National Geographic did a big special on the Hazarajat, which is the big central mountainous region in Afghanistan (its biggest city, strangely enough, is Kabul, 40% of whose 3-4 million inhabitants are Hazara).
Needless to say, the photography is spectacular, and deeply human.
As the country struggles to rebuild itself after decades of civil war, many believe that Hazarajat could be a model of what’s possible not just for Hazaras but for all Afghans. But that optimism is tempered by past memories and present frustrations—over roads not built, a resurgent Taliban, and rising tides of Sunni extremism.
But America’s broken promises continue to haunt the land. I wish we would do what we promised, but that is clearly far too much to expect from our elected representatives. But the story is, unfortunately, nothing new—the Hazara are still systematically discriminated against by many holding onto old tribal grudges, too many are shoved into dirty ghettos on the outskirts, and so on.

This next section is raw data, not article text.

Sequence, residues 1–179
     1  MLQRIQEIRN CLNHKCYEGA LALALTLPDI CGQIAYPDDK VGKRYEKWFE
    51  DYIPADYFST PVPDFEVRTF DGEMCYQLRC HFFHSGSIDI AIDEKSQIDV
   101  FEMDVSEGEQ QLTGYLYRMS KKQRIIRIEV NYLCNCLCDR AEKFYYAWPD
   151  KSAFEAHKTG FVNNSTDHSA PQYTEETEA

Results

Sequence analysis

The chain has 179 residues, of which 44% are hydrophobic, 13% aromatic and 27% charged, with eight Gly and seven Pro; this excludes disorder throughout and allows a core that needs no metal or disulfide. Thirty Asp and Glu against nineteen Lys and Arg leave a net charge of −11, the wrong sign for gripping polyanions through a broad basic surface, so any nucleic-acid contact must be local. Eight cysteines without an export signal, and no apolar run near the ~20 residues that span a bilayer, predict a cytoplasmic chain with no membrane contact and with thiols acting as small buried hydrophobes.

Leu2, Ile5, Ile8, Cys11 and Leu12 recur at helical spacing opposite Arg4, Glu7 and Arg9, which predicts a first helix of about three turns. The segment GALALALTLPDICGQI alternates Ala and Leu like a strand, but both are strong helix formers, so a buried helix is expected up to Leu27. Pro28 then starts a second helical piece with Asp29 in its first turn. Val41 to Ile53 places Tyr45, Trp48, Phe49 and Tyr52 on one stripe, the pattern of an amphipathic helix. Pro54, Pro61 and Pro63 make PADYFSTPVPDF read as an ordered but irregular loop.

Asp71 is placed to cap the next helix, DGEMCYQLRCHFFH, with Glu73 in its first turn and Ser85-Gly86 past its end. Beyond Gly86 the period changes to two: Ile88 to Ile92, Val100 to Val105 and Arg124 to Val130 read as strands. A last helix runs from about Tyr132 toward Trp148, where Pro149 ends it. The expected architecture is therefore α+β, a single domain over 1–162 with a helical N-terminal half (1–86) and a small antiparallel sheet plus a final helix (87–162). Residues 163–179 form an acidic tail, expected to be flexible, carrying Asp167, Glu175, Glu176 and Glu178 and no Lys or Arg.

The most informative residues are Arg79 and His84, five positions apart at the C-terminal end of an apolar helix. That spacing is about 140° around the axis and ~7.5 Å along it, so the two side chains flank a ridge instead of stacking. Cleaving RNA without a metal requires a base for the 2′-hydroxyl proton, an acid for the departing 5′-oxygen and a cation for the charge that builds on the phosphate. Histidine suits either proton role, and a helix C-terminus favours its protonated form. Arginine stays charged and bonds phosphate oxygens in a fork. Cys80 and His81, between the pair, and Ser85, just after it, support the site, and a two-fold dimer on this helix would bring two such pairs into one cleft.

It is an old story, but it is one that bears repeating, and needs telling, again and again. And again. And again, until something eventually changes.